Lawmakers fear other companies in distressed industries, like the auto-parts makers, could seek to shed their pension plans while under bankruptcy-court protection. Some companies, like US Airways Group Inc., have done so already.
The court’s approval will help UAL sidestep more than $3 billion in pension contributions over the next five years, while leading to retirement benefit cuts for many of its workers and retirees. The agreement requires the PBGC to make a final determination soon that the plans meet the requirements to be taken over. It also requires UAL to give the pension insurer as much as $1.5 billion in notes and convertible stock in the reorganized carrier to settle its claims. The size of the PBGC’s potential stake in UAL isn’t known because the airline hasn’t finalized its plan of reorganization, but the PBGC has said that the settlement agreement leaves it in a better financial position than other creditors…
In a statement, United said the settlement agreement “is a crucial step forward for the future of United, as it strengthens the financial platform this company needs to attract exit financing and compete effectively.”…
Judge Wedoff said that because the PBGC initiated the pension termination, the union’s labor contracts with UAL wouldn’t be breached. Under retirement law, if the PBGC initiates termination, that takes precedence over contractual obligations, the judge said…
[Richard Turk, a spokesman for the Aircraft Mechanics Fraternal Association local in San Francisco] said the union still has contractual rights to the retirement benefits in its current contract, but UAL hopes today to persuade Judge Wedoff to void that contract so the airline can impose lower pay and benefit terms on the workers…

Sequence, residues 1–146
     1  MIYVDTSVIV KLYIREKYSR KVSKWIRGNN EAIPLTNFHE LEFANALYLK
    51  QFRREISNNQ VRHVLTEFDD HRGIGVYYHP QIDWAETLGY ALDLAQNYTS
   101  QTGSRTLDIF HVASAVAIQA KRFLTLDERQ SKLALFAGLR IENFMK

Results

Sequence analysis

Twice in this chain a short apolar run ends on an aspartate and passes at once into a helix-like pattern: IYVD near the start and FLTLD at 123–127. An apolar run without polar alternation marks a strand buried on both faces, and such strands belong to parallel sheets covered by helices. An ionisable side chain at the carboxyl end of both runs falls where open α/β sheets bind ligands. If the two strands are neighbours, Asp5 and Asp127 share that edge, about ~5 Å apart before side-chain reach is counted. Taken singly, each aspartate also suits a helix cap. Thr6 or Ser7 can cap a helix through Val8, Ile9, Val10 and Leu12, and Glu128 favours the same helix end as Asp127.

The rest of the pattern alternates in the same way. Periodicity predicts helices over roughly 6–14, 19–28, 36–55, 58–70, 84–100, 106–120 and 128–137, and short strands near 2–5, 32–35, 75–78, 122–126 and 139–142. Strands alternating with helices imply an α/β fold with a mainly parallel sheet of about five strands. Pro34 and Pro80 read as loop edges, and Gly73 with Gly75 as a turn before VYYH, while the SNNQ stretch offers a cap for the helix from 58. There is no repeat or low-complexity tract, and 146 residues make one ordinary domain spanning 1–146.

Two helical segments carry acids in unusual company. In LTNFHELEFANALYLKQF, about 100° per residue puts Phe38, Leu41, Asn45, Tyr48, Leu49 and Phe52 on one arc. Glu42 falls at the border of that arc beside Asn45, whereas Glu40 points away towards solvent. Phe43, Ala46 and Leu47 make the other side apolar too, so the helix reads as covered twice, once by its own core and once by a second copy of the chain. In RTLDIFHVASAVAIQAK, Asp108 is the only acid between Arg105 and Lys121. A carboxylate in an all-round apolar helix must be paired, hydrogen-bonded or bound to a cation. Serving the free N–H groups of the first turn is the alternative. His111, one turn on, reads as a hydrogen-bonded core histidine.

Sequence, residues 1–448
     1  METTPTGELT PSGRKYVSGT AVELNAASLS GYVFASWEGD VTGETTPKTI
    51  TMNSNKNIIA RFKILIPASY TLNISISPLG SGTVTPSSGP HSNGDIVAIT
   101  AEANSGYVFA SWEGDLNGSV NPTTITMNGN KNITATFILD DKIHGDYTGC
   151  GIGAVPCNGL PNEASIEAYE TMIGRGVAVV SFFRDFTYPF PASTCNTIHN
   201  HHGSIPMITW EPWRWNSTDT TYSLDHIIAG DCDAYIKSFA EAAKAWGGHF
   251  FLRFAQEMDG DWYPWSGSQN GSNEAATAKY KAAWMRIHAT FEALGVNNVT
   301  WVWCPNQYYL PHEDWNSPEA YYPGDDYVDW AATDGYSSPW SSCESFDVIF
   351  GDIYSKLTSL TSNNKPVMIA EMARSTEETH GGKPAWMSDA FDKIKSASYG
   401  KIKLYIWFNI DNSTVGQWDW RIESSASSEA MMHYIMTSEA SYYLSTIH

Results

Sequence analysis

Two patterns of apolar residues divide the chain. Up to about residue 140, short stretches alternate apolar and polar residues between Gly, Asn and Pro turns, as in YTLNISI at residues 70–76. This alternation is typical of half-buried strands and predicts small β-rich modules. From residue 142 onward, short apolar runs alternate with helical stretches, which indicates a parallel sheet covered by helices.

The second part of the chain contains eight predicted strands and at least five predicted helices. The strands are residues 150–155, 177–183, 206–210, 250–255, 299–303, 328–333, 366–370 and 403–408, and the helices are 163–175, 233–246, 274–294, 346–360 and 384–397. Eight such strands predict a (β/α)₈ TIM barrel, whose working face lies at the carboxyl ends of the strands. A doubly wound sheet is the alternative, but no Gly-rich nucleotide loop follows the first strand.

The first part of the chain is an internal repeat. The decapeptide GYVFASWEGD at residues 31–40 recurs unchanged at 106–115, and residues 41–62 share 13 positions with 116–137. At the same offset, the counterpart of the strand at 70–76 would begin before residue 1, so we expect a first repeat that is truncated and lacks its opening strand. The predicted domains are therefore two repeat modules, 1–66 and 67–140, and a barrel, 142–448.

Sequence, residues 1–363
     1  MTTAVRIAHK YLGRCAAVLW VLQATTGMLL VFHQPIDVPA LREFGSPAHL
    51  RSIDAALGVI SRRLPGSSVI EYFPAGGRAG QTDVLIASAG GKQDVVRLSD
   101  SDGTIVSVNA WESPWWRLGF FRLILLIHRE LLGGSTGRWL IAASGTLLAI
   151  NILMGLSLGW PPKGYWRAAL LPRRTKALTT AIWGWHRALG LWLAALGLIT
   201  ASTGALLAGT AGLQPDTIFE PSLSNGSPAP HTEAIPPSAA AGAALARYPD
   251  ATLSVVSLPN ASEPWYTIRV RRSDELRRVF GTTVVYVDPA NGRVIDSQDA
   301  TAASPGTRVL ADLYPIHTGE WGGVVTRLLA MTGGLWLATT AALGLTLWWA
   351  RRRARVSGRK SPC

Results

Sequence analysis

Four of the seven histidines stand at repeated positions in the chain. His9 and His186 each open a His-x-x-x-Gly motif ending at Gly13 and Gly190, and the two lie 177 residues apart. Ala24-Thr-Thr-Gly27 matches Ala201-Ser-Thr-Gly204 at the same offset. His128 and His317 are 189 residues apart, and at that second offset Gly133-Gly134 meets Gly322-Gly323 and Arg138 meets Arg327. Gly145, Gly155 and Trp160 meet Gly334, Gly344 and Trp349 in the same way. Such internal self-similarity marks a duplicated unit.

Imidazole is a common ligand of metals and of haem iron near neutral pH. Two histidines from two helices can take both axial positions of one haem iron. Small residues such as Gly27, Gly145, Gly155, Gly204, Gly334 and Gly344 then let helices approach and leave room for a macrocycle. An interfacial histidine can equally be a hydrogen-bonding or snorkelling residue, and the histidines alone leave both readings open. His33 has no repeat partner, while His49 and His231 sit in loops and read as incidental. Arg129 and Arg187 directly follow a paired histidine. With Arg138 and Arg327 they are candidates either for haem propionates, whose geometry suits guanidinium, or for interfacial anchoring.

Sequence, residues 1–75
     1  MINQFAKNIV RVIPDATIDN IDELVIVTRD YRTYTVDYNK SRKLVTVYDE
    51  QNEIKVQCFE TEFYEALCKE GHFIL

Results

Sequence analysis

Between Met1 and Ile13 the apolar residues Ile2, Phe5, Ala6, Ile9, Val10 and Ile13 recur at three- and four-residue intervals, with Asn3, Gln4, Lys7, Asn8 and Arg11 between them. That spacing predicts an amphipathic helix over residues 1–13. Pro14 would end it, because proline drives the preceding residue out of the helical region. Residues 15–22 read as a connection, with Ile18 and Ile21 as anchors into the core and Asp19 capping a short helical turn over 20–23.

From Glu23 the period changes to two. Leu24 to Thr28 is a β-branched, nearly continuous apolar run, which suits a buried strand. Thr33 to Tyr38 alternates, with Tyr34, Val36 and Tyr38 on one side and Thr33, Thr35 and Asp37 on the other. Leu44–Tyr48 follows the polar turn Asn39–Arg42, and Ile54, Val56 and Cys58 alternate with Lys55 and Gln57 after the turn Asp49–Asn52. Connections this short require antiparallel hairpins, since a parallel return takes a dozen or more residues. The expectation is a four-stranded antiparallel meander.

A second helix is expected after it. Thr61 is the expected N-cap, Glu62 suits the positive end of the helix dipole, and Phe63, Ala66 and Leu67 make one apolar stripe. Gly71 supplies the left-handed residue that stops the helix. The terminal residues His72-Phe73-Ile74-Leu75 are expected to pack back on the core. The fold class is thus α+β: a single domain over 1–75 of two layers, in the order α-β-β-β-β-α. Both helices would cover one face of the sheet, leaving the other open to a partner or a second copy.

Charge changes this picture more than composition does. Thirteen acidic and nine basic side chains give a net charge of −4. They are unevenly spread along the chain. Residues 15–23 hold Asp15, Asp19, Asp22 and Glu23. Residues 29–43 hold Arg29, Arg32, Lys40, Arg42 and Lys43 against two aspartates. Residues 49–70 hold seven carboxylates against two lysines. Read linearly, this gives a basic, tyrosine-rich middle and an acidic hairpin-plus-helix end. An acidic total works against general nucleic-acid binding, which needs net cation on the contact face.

The PBGC, according to terms of the settlement, would guarantee payments to plan participants totaling $6.6 billion, meaning workers and retirees would be shorted by $3.2 billion in the form of benefit reductions. The agency’s maximum guaranteed benefit is set by law and adjusted yearly; generally, lower-paid workers have a greater chance of receiving all of their pension. This year the maximum paid to most retirees is $45,614 for a 65-year-old person, meaning many United workers — particularly pilots, who must by law retire at age 60 — would receive less than they expected.
The likely jettisoning of the costly defined-benefit pension plans is central to UAL’s business strategy as it works to attract $2 billion to $2.5 billion in debt financing to step out of court protection this fall. Prospective lenders have told the airline in no uncertain terms that they aren’t interested in raising money if the airline is going to pay it all out in pension contributions in the next few years…
UAL has been suggesting since last summer that it couldn’t come out of Chapter 11 with the big pension liabilities. In a second round of employee concessions, its pilots agreed to let their pension plan be shifted to the government in exchange for $550 million in convertible notes in the reorganized UAL. But retired pilots, who stand to take a huge hit between what they were getting from the airline and what they will receive in payments from the PBGC, continued to object yesterday in court…

A related story is here.